Recent studies have discovered that young teens participating in sports have a higher risk of developing an addiction to prescription drugs and especially opoid pain killers than those not involved in athletics. The issue is a much bigger problem for male teen athletes that are more likely to misuse prescription drugs than their female counterparts.
The reason for increased risk for addiction with athletes is mainly due to the greater number of injuries that are associated with sports activities. Students suffering from injuries will often be prescribed pain medication that can be addictive and difficult for them to taper off once they have recovered from their injury.
Male Athletes and Sports Injuries
Statistics show that nearly 7.5 million teenagers participate in high school level sports while there are about 2 million high school athletics injuries each year. With those kinds of numbers it is not surprising that many young athletes are exposed to opoid pain killers and are more likely to be at risk for abuse of their medication. The study focused on 1,540 teens and revealed that male athletes were more likely to abuse medication on at least one occasion in the past year than those not involved in sports.
The surprising find though was that female athletes were not necessarily more inclined to abuse prescription drugs than female non-athletes. One reason for this can be the fact that men tend to participate in sports with higher injury rates. Sports like wrestling and football have the highest rate of severe injury in high school athletics and are typically male-dominated.
Opoid Medications for Injury Recovery
Another possible explanation for the fact that male athletes are more likely to abuse medication could be due to their attitude regarding sports in general. Adolescent males may feel the need to prove themselves and their masculinity through athletic performance. They can push themselves and sacrifice their bodies to achieve the social status that they seek through sports.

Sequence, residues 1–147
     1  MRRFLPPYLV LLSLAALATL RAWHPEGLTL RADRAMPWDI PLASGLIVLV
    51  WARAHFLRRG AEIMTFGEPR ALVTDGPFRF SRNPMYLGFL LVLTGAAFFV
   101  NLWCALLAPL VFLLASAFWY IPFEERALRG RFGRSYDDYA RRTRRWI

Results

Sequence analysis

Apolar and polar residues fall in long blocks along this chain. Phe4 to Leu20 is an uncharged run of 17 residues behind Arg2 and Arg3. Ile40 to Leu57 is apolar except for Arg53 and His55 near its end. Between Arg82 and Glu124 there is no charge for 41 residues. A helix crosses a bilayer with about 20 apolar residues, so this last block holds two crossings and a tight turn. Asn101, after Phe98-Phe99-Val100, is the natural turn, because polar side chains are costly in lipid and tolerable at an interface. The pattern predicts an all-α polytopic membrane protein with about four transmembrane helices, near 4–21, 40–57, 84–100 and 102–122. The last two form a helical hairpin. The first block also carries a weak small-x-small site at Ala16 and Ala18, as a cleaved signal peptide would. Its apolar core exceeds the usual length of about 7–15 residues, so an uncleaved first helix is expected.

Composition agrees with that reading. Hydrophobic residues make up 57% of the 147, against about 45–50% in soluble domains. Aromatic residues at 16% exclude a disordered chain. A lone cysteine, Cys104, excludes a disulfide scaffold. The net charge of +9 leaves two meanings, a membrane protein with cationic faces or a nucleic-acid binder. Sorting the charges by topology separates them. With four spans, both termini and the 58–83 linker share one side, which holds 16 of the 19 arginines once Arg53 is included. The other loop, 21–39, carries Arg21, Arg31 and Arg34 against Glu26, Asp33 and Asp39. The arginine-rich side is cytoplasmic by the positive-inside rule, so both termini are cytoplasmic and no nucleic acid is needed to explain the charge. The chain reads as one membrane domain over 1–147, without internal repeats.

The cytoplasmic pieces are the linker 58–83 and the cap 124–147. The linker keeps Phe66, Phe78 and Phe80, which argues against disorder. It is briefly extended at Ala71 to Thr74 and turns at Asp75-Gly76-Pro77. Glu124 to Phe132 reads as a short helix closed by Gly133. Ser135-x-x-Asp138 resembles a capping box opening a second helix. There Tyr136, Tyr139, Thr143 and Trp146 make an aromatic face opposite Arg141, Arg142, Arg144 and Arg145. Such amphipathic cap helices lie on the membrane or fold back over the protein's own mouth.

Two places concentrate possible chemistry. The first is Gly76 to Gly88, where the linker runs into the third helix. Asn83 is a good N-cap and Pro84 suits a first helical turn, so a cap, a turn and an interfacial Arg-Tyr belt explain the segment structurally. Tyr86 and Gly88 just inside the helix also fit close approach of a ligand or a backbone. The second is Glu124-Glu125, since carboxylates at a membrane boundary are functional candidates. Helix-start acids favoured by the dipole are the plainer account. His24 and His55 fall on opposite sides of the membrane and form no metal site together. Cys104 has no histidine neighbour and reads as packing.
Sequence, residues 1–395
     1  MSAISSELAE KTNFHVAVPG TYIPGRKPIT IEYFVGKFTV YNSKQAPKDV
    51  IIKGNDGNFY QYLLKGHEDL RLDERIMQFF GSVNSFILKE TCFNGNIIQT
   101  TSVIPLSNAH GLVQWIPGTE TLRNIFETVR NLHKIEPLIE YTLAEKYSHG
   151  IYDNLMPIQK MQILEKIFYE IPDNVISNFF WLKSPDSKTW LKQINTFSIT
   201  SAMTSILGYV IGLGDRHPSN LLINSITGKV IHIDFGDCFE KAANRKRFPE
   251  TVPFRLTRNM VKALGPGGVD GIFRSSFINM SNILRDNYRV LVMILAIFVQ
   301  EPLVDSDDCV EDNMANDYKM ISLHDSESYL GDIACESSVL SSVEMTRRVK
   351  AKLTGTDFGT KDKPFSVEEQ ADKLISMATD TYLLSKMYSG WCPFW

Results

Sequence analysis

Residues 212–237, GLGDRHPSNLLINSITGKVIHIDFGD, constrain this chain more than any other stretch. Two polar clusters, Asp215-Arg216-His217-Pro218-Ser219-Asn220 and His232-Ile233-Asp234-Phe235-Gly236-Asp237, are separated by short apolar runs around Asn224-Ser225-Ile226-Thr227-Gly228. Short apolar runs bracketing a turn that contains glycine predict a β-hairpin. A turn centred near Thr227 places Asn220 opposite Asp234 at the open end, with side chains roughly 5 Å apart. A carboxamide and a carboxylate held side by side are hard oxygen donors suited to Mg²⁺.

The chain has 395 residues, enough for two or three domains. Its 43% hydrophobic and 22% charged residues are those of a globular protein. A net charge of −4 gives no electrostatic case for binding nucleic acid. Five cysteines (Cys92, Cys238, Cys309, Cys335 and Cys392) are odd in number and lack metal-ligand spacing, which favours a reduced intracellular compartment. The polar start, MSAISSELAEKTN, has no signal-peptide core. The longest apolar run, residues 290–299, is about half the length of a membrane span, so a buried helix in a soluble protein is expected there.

Male athletes can be more likely than female athletes to experience frequent injuries due to this mentality. Painful injuries are usually treated with prescription opoids such as Oxycontin, Percocet and Vicodin. Exposure to these types of opoid medications can often lead to abuse because of the euphoric effects of the drugs.
Users can feel relaxed and anxiety-free when they take opoid drugs especially in higher doses. The feeling of euphoria can become addictive and young athletes may begin to take more medication than necessary or continue to abuse the drugs after their injury has healed.
Reducing Opoid Abuse in Teens
Even though the likelihood of abusing prescription drugs will increase for athletes dealing with severe injuries, this type of medication is sometimes necessary and important for their recovery. Doctors view opoids as helpful in managing pain symptoms on a short-term basis if patients take the medication exactly as prescribed and the doses are eventually tapered off. In order to reduce the odds of teen athletes becoming addicted to the medication, however, it is important for physicians to discuss management of the opoids with young patients and their parents as well.
Doctors could be more vigilant and cautious about which patients are prescribed opoids. The medication should only be prescribed when absolutely necessary and for those patients that need opoids, doctors should explain the dangers of abuse and possibility of developing an addiction. Opoids should only be prescribed in limited amounts and for a limited duration of time so that young athletes have less of an opportunity to abuse them. More legislation could help reduce the number of teens abusing opoids by requiring doctors to review their narcotics history before prescribing any medication.
Any access to prescription opoids should be heavily supervised by parents and physicians so that the drugs are not misused by teens.